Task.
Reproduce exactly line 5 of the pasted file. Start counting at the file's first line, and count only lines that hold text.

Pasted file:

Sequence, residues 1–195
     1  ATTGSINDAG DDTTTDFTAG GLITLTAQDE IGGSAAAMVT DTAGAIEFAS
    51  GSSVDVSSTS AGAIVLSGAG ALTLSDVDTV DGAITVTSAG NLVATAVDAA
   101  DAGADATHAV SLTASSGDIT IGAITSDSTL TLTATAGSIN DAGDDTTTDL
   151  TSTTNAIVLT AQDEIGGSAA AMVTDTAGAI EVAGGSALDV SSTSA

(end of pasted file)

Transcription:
   151  TSTTNAIVLT AQDEIGGSAA AMVTDTAGAI EVAGGSALDV SSTSA